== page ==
I spotted Tracy at J.Crew’s presentation last season. Her long, dual french braids and Georgia O’Keeffe-esque demeanor immediately drew me to her. This was the season they used friends of J.Crew to model in their show – and as I was soon to find out, Tracy was in fact their set director, building her career in visuals at J.Crew over the past 23 years. When I dug a little deeper into the woman who creates not just the sets for every catalog, but also paints brilliant florals in her spare time, I found out so much more. So it felt like the perfect opportunity to explore Tracy’s creative process a bit further and all the stories that came with it.
Where did you grow up?
Detroit! But I lived in Chicago for six years where I started working for J.Crew in-store. I’ve worked for them for 23 years. I’ve been here for a long time…
So you started in the stores?
I was a visual director in Chicago and they moved me here (to NYC) to run the Prince street store as the visual manager. After a while I was like “I’m done!” and got pulled into the corporate office to help work on the direction for the windows. Eight years later, I was looking to do something different and created the job of set director for myself. Ann Johnson, who was the art director, came on set with us just when the catalog had started to really change. She wanted props so I said, “I’ll get it!” and I just started sourcing all of these props. Fifteen years later, I’m still doing set direction!
How did you get into painting, is it something you’ve always done or went to school for?
My friend was a technical designer and decided to go back to school. He got into Princeton for a 5 year PhD program and he said “Girl, if you fucking want to paint, you paint!” and it just woke me up.
I’ve always loved painting. I love art and I never stop going to shows. I used to go to Chelsea every weekend to see every single show. Now, I use most of my weekends to paint here as much as I can. In the beginning I painted really abstract things, I didn’t think I could do very realistic work so I pulled colors over things.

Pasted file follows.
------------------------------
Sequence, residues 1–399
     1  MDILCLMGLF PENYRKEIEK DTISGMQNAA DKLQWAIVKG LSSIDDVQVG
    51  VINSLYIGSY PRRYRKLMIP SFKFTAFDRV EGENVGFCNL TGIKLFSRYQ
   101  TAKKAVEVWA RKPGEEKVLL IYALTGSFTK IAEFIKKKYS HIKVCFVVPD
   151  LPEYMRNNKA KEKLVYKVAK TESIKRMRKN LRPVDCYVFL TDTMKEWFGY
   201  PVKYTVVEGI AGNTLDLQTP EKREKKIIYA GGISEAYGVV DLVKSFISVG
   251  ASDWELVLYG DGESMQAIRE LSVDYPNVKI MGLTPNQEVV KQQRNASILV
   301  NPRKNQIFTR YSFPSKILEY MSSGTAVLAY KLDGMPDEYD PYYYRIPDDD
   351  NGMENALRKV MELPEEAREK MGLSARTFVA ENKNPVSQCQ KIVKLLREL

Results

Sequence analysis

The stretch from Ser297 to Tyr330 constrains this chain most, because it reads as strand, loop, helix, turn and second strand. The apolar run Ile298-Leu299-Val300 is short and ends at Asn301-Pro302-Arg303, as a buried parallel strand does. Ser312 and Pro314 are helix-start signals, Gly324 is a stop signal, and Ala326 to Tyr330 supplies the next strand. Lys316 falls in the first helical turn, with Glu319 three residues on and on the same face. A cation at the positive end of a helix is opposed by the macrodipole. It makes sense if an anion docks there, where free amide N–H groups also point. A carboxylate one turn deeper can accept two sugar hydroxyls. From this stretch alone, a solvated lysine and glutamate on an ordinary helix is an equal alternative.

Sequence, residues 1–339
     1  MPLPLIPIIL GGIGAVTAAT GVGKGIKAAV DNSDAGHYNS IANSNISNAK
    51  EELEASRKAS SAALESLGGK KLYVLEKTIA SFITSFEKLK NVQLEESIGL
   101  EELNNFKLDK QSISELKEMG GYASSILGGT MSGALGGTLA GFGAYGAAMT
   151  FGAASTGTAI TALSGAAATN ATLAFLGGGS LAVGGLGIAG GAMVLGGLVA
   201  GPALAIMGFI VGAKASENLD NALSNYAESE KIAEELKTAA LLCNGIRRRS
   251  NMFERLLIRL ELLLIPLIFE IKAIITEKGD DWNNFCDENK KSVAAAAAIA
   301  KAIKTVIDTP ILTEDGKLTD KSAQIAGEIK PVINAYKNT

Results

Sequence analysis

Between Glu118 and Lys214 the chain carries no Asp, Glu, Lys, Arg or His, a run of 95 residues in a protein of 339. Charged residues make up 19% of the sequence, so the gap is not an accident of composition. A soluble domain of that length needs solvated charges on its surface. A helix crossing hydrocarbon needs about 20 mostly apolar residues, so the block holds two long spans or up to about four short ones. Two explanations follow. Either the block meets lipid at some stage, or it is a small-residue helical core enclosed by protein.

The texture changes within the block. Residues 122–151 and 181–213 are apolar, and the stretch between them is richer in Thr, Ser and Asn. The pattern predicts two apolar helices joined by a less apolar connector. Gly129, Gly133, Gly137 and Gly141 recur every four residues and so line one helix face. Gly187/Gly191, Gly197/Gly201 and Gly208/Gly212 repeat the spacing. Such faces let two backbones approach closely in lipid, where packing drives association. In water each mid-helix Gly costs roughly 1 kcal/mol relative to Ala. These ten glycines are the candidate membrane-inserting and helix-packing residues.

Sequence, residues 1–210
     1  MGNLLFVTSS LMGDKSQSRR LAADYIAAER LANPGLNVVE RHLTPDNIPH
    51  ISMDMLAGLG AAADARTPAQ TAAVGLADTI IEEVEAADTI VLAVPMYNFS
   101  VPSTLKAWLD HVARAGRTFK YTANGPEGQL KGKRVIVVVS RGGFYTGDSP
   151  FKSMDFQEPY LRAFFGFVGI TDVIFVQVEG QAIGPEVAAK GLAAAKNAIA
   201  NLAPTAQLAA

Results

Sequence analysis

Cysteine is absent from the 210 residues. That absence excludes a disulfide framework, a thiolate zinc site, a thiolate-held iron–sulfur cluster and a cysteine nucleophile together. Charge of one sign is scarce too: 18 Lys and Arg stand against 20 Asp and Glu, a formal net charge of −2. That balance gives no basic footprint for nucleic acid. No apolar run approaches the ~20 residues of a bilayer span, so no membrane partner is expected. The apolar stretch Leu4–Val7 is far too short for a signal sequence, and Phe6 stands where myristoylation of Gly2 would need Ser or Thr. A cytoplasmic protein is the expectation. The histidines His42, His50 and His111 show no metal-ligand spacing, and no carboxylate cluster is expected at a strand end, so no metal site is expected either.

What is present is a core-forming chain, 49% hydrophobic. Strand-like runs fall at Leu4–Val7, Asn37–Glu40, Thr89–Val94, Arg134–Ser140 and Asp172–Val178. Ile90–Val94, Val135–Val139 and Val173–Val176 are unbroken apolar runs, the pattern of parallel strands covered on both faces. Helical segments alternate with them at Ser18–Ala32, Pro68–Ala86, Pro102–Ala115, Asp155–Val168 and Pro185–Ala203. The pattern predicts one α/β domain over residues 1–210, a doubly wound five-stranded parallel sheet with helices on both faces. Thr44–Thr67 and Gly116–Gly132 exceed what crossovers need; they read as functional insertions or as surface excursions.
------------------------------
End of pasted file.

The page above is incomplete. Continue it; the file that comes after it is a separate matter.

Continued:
And look at me now! I had a show at Bergdorf last March with 45 paintings on their 5th floor. It was up for three months. They let me curate it and I put up everything that I had. After that show I walked through the new Whitney and looked at the work of all these American painters and thought “This is me. I’m an American painter too.” I’ve always wanted to be a part of that. When I first moved to New York 20 years ago, I made friends with an abstract expressionist painter who was big in the 50s (she passed away at 84) and painted with De Kooning. She would run around with all these amazing painters and owned a gallery on 10th street, right next to where our J.Crew office is now, where all the galleries used to be. She always called painting the “magnificent obsession”! It’s a hobby but I can’t not do it!
I have to ask, has your hair always been really long?
In the 80s, it was crazy, short, shaped out and big.
Do you have photos of that?
I have a few but nobody really had a camera back then! It’s so funny because my brother had a shaved head with spikes and we would go to concerts in Detroit when I was 16, with our crazy hair. Now Detroit is such a mecca for artists. It’s kind of like the Lower East Side 20 years ago.
Ok, back to the paintings in your studio, they are so beautiful, such brilliant, bright, happy colors!
I usually paint two paintings, two versions, at the same time. One with a background and one without. Usually I’ll pull in color over things. Starting with a floral arrangement as a base, that I end up pulling paint over, kind of like weaving. I risk losing everything, but then I bring it back.
Did they sell?
I sold three paintings from there, which was wild.